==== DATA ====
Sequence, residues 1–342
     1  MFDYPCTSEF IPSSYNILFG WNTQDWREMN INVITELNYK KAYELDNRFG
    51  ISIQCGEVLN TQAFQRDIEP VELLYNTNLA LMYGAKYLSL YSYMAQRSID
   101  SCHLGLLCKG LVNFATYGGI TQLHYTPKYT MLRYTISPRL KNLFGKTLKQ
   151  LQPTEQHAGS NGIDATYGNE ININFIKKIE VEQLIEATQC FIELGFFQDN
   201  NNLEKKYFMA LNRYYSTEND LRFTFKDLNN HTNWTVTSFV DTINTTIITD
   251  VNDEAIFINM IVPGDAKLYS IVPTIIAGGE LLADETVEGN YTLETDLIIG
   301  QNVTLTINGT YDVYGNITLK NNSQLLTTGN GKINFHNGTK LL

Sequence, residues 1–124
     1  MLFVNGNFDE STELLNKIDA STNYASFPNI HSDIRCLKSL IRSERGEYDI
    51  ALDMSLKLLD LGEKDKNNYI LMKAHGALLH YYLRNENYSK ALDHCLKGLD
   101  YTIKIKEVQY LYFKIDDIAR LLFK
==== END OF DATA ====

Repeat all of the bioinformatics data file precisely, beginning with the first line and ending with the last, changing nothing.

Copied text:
Sequence, residues 1–342
     1  MFDYPCTSEF IPSSYNILFG WNTQDWREMN INVITELNYK KAYELDNRFG
    51  ISIQCGEVLN TQAFQRDIEP VELLYNTNLA LMYGAKYLSL YSYMAQRSID
   101  SCHLGLLCKG LVNFATYGGI TQLHYTPKYT MLRYTISPRL KNLFGKTLKQ
   151  LQPTEQHAGS NGIDATYGNE ININFIKKIE VEQLIEATQC FIELGFFQDN
   201  NNLEKKYFMA LNRYYSTEND LRFTFKDLNN HTNWTVTSFV DTINTTIITD
   251  VNDEAIFINM IVPGDAKLYS IVPTIIAGGE LLADETVEGN YTLETDLIIG
   301  QNVTLTINGT YDVYGNITLK NNSQLLTTGN GKINFHNGTK LL

Sequence, residues 1–124
     1  MLFVNGNFDE STELLNKIDA STNYASFPNI HSDIRCLKSL IRSERGEYDI
    51  ALDMSLKLLD LGEKDKNNYI LMKAHGALLH YYLRNENYSK ALDHCLKGLD
   101  YTIKIKEVQY LYFKIDDIAR LLFK